Why I Want Apple’s Rumored Pricey VR Headset

I’m convinced VR is the future

Key Takeaways

  • I’m ready to plunk down $3,000 for Apple’s rumored virtual reality headset even without knowing exactly what it is. 
  • The Oculus Quest 2 has made me realize how life-changing a truly great headset could be. 
  • Collaborating with colleagues over virtual reality could be fun rather than the chore it is on Zoom.
Someone using a VR headset with the upper part of the image dissolving into pixels.
Nastasic / Getty Images

There’s a strange sound coming out of my wallet these days. It’s my credit card whimpering about my growing desire to buy Apple’s rumored $3,000 virtual reality headset

These are odd times for Apple to be going big in VR. Although the headset is only a few hints at this point, the sky-high price tag puts it about 10 times the price of my very nice Oculus Quest 2. Surely, the company must be aware there’s a global recession going on?

Yet, I’m ashamed to admit that the thought of Apple’s headset makes me salivate like a robot dog taunted by electronic biscuits. It’s Facebook’s fault.

I had written off VR as a gimmick when I tried out the Oculus Go. It was fun, but slow and blurry. Now that I have the Oculus Quest 2, I’m hooked with its better screens and a faster processor. It’s not the future, but it’s so close that I can nearly taste it. 

"But what if Apple’s high price tag takes you places that the current crop of consumer-grade headsets never can?"

Apple’s Reality Distortion Field

Can I afford a $3,000 headset? Absolutely not. But I’ve felt the same way about nearly every Apple product that’s hit the market, and somehow I’ve succumbed to the temptation to buy them.

Bluetooth earbuds? A waste of money. A smartwatch that nags you to exercise? Ridiculous. Of course, I’m wearing an Apple Watch and listening to AirPods right now. 

The same thing will happen with Apple’s VR headset, I fear. What seems unattainable and unnecessary somehow becomes a must-have item through Apple’s magical mix of engineering, design, and marketing spin. 

The rumored specs, alone, are enough to make me think that the Apple wizardry may happen again. Powerful processors and high-resolution displays could make all the difference. These are things that are lacking on my Oculus headset.

An artistic photograph of a person using a VR headset.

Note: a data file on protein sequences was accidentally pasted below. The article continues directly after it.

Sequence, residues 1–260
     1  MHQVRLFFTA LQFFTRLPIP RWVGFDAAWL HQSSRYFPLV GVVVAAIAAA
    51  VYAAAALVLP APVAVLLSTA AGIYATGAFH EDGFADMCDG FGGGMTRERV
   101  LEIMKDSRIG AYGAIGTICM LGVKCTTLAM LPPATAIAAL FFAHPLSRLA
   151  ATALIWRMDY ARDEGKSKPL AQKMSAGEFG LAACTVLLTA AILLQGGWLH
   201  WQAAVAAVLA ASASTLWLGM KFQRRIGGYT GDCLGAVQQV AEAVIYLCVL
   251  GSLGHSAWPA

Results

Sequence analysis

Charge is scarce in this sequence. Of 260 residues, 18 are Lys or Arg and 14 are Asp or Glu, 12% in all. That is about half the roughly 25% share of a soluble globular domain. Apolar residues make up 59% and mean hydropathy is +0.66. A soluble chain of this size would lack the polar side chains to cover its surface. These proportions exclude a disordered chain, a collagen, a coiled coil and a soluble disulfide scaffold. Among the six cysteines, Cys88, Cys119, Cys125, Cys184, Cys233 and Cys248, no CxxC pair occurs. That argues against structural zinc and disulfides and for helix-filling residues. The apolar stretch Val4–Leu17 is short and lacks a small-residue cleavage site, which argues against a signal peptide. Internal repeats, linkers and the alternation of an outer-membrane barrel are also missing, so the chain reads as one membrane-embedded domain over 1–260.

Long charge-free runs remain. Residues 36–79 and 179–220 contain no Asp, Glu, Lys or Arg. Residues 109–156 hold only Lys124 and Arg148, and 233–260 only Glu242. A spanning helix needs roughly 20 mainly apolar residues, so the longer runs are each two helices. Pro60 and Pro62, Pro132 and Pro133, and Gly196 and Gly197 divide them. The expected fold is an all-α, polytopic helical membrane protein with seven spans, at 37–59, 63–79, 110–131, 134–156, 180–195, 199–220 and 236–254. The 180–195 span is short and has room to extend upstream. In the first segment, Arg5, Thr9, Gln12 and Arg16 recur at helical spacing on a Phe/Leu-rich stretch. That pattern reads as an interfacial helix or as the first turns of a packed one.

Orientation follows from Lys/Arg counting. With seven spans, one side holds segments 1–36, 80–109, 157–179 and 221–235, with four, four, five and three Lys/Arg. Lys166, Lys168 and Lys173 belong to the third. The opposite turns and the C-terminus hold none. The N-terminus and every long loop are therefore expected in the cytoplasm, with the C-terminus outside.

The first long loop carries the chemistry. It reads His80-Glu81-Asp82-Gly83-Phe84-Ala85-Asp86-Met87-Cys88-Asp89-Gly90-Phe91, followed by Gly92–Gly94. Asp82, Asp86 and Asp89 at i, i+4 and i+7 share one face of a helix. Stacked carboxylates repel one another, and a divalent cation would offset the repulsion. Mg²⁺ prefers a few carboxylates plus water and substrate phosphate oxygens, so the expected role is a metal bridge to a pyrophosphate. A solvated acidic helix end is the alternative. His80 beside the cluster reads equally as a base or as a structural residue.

janiecbros / Getty Images

Oh, I like the Oculus well enough. It’s a great way to kill some time watching movies and occasionally using a fitness game. I even enjoy browsing the web on this gadget. But every interaction with the Oculus leaves me wanting more. 

Great Picture Quality is Everything

What I want is seamless and realistic transportation from the every day into the virtual world. There are just too many lags on the Oculus to entirely escape reality.

The picture quality is much improved from previous versions, but it’s nowhere as good as a decent laptop screen. You have to suspend your disbelief to think that you are transported to some far off destination when you are peering at the pixelated images on the Oculus. 

These shortcomings are made up for by the reasonable price of the Oculus. It’s only $299, after all, a mere few dozen lattes at Starbucks, while Apple may be asking you to cough up the price of a halfway decent used car. 

But what if Apple’s high price tag takes you places that the current crop of consumer-grade headsets never can? Worse, I suspect that an excellent VR headset may become a must-have item. 

"Yet, I’m ashamed to admit that the thought of Apple’s headset makes me salivate like a robot dog taunted by electronic biscuits."

With a truly great VR headset, I could see myself spending a lot more time in virtual reality. It might even be useful.

During the coronavirus pandemic, I’ve been spending a lot more time indoors like many people. Working from home is getting old. Collaborating with colleagues over virtual reality could be memorable and fun rather than the chore it is on Zoom.

The VR headsets that I have used are bulky and clunky. I could easily see the industrial designers at Apple making this problem go away.

Right now, I want to tear my headset off after about half an hour because it digs into my face and makes my head hurt. Perhaps Apple will make a headset that you don’t even notice you are wearing for long periods. 

If Apple can make a comfortable VR headset that brings you places you can’t go otherwise and helps us communicate and collaborate, then $3,000 might not be too high a price to pay. After all, who needs a car when you can travel virtually?

Was this page helpful?